Tuesday, June 8, 2010

Judging why the judges decide NOT to judge

This opinion piece has a really good idea, taken from my own viewing of the facts in this miscarriage of justice. We elect and appoint judges to judge. They know when their right to recuse themselves should be implemented. However, they don't have to tell WHY they are recusing themselves. A cascading set of such actions has set the stage to nullify a correct verdict in a lower court. Worth a read...


  1. Judges and attorneys are required by law to recuse themselves for reasons, some huge some small. And if they don't they are disbarred. So say a person has investments and when they become a judge how do they "Change" those investments to be sure it doesn't conflict with some case down the road? Or perhaps it should now be law that anyone who is an officer of the court is not allowed to have investments? Or interests...or friends? Yep, if you are in the "six degrees" of opposition or a person in your court, you recuse yourself. Of course "six degrees" isn't well defined for lawyers/judges. So, we are told it is better to recuse NOW than to have the case tossed later -- less expensive, less waste of time. Perhaps the writer would want officers of the court to publicly explain their reason for recusing? Hmmm...who would want to be a lawyer or a judge if they are not allowed the same privacy as those they serve? Its opinions like this that give me, a soon to be laywer, great pause in the course of life I've chosen. I "got in" this business because there are people who cannot afford a good lawyer -- who fall in the cracks. Not for criminal law but for civil law. So, until society (or Congress) deems it "okay" for judges to have ANY time of personal investment/involvement with a case, recuse is the only way to be certain the person/company receives a fair hearing. Feel free to delete this as being too flaming.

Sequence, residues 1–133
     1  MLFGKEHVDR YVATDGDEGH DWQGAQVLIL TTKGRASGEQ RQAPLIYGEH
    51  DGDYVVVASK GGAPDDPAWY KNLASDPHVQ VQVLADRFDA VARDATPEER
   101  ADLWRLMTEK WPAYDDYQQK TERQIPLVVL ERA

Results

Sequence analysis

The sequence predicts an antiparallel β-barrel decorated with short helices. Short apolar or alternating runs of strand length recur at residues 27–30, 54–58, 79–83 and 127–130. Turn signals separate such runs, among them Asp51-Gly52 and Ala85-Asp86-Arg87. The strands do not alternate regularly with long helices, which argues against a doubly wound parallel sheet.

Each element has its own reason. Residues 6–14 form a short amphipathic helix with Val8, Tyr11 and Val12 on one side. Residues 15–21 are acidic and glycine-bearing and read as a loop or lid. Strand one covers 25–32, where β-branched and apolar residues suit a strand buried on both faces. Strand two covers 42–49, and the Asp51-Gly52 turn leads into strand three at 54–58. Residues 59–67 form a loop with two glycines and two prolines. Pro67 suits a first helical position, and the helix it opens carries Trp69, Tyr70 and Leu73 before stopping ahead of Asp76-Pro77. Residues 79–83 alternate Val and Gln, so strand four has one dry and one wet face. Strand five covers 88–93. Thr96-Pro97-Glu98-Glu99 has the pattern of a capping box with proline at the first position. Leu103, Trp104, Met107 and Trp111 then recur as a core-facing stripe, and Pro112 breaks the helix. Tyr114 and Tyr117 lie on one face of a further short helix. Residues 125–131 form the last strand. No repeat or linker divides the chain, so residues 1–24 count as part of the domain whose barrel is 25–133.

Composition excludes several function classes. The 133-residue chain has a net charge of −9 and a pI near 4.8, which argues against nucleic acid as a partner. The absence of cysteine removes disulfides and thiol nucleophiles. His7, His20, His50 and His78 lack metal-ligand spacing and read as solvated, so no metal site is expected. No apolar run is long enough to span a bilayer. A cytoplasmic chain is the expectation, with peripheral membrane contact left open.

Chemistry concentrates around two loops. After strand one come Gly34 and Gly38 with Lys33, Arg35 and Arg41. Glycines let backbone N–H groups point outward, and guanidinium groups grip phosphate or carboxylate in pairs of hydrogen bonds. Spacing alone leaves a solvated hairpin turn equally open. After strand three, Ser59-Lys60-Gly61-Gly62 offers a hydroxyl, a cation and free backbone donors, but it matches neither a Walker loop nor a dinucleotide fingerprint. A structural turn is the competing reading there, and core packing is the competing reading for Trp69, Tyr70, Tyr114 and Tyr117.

2. as you can see, I'm a law student not an english/linguistics student!